Series Three: LinkedIn Tips

Professor Anna Cappuccitti at the Dex showroom with students in the Fashion Business and Fashion Business Management programs.

LinkedIn always seemed to me like this daunting monster of a platform. I confess that I had an account for about nine years before posting any professional content besides my profile photo and my name.

When I first created my LinkedIn account, I was concerned about posting any of my resume details because I was afraid that my employer at the time would stumble upon it and think (incorrectly) that I was actively looking for another job.  I did not fully understand all of the benefits of having an account and that there was more to it than just job searching. In Series Three: LinkedIn, I will share five tips for creating a strong LinkedIn account, whether you are looking for a job or you simply want to network with like-minded individuals in your field.

  1. Select the Appropriate Profile Photo

Including a professional profile photo is important as it allows your “connections” to put a face to your name and get a better sense of who you are.  Use a current, tightly cropped headshot of yourself in business attire.  You are dressing for success and you want your photo to make a professional first impression on potential employers and recruiters.  

2. List Your Core Skills

Whether you are a student or a member of the work-force, as long as you continue to learn, your list of hard skills will also grow and evolve.  For this reason, I recommend updating your skills list at least once a year so that your most current and developed skills are always adequately represented in your profile to potential employers and recruiters.   I suggest keeping your list to 3 to 5 core skills. You can then ask for further endorsement of these skills from your connections.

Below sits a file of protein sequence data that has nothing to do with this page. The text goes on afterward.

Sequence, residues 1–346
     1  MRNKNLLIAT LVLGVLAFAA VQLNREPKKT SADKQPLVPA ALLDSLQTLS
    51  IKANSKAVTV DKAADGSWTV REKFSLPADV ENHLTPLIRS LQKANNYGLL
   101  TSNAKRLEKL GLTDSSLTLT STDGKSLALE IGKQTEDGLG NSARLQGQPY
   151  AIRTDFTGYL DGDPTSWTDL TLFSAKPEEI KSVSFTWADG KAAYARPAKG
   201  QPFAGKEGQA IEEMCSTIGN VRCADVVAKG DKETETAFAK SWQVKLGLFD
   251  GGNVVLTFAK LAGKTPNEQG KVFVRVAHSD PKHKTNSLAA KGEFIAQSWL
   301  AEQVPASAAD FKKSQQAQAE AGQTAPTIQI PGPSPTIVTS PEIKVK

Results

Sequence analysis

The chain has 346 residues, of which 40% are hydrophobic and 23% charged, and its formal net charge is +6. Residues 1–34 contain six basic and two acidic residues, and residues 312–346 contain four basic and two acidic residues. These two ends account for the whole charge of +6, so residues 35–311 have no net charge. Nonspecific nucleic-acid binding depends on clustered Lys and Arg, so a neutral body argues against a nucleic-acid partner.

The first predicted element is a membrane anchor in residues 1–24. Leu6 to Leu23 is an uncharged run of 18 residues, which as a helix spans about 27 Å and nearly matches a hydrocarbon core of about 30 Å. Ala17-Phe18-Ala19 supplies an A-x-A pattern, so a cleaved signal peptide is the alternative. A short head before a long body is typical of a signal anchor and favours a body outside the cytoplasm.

3. LinkedIn Feed

Your LinkedIn feed should highlight news, stories, and other information relevant to your field and give your connections the opportunity to comment and get involved with current industry topics that matter to you.  Sharing content in your feed allows your connections to see what interests you and can help set you apart from other profiles.  Look for news articles, case studies, and the latest research from reputable sources to share.

4. Commenting

Increase engagement through commenting on other people’s feeds and the news they share.  Write something thoughtful that relates to what others have posted, whether it be a congratulatory message to one of your connections for starting a new job or receiving a promotion, or commenting on a case study they have shared.  Make sure you are clear, concise, and keep the comments constructive.  I also suggest commenting on the feed of someone you admire professionally.  The most important part of engagement is to make meaningful connections with other people in your industry.

5. Follow Industry Leaders

Industry leaders are the thought leaders of your field of interest.  They are actively engaged in advancements within their industry and are recognized by others for how they contributed to its evolution.  These are well-connected, influential people with a substantial amount of industry experience and insight.  You can re-share relevant content these leaders have posted for your own connections to see.

Join me next week when I will be posting Series Four: Job Search Tips.

Until then, take care.

Stephanie 

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